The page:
Let's face the facts:If the auto manufacturers knew of any "Gas saving device" they would certainly be the first to get it and make it a "standard" part of their automobile.With auto manufacturers striving to meet E>P>A> guidelines..They would be more than happy to get and use same.example: if Ford or Chevrolet or Chrysler{woops,Mercedes}, could boost their mileage on "any of their new vehicles, it would be a major breakthrough for their product and sales would skyrocket. Yes, Honda has the "Insight" and it is not that well accepted, but boost the mileage of a Ford F150 by 4 to 5 more miles per gallon, or whatever, and they would have people standing in line for sales.
    TRON
  • lmacmillmacmil Posts: 1,758
    Bingo!

    I guarantee you that each auto manufacturer has 100s of employees working on fuel saving ideas, whether they are in engines, transmissions, wheel bearings, tires, etc. Heck, they will pay extra money for weight reduction just because every ounce of weight reduction translates into some fractional mpg increase.
  • Does anyone have any experience with the gas and diesel fuel additives called PRI-D and PRI-G? The ads I've seen tout the fuel storage benefits, but also mention fuel savings and longer engine life as a by-product. Thanks for any opinions.

    Dave
  • kinleykinley Posts: 854
    you will drive more conservatively, thus making the gimmick's claims come true. It "ain't the gadget, but the goon."
  • 300michael300michael Posts: 1,815
    The freer flowing exhaust and intakes a, along with thinner grade of oil (say 10w 30 to 5w 30)will help, after all the engine is an oversized air pump. Also drive like you have an raw egg between your foot and the gas pedal.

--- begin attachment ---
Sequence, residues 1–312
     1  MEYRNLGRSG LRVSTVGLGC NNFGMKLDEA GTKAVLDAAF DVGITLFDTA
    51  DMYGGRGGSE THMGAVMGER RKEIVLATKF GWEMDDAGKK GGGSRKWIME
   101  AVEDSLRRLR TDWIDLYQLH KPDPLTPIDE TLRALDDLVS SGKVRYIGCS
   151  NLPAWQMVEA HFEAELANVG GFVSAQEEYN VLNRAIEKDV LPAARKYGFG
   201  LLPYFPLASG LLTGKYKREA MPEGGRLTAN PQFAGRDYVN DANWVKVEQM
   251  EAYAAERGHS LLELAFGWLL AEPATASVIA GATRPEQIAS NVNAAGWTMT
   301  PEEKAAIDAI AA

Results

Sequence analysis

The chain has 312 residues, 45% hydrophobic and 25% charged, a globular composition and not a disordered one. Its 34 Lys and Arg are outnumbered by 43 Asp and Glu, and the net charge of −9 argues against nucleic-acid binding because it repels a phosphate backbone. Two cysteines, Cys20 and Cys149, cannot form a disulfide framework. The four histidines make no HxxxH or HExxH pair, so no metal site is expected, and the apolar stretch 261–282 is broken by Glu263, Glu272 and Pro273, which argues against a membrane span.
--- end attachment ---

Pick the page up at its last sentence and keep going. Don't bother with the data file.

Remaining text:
• eharri3eharri3 Posts: 645
    Probably, driving like there's a raw egg between your foot and the pedal would provide most of the increase in fuel economy which would then be attributed to those mods. Try driving like the egg is there first before you spend seveal hundred bucks and you'll probably be suprised at how much of an improvement you see.
  • 8u6hfd8u6hfd Posts: 1,391
    I'm no Electrical Engineer (I'm a Mechanical instead), but when I talked to them a while back, (in reference to my car, 88 Camry V6), basically a good portion of spark energy is wasted below 3000 rpm (something with the circuits). The systems makes sure the full spark energy is consistent throughout the whole rev range. In addition, there is a control function, for two modes: economy and power, it is determined automatically. Also, each cylinder has it's own output to the "box", so using a sample, it measures against the determined values of spark energy & compensates for each individual cylinders.

    Talk to them (I found them informative and accurate, since by car's powerband does start at 3000 rpm.)
  • cjwalcjwal Posts: 3
    made the mistake, no improvement, not even getting rated mpg for 4 cyl, 2.7L, tacoma dbl cab.
    figured no big deal 30 day warranty, hard to test and return in that period. waited too long, wasted my money. Going to take it out and throw away.
  • eharri3eharri3 Posts: 645
    1) Ankle regulator: special computer surgically implanted in right ankle that sends messages to right foot to carefully regulate use of the gas pedal.

    2) For manual transmission cars: Wrist regulator;another specially designed computer to be implanted in the right wrist that sends special signals to your hand to tell it to shift earlier and avoid frequent downshifts on highways.

    3) Check book regulator: Yet ANOTHER specially designed micro computer that is automatically activated whenever you open your checkbook at a car dealership and tells you to buy a more fuel efficient car.

    4) Feet: They normally come in pairs, and can save on fuel costs by allowing the user to walk when one's destination is not far away and it's nice out.

    5) Cruise control: Can be used to set speed at 60-65 mph, where fuel economy is optimal for most vehicles, rather than at the fuel sapping speeds of 75mph or greater that many who are on the lookout for mileage-improving accessories usually drive at.

    6)Backseat driving spouse, whose nagging instinct is automatically triggered by an electrical impulse whenever speeds exceed legal limits or sudden bouts of rampant accelaration occur.
  • tidestertidester Posts: 10,059
    eham,


    Those are great accessories! You can find parts numbers and prices at http://www.WeAreTheBorg/YouWillBeAssimilated.com


    ;-)


    tidester

    Host

    SUVs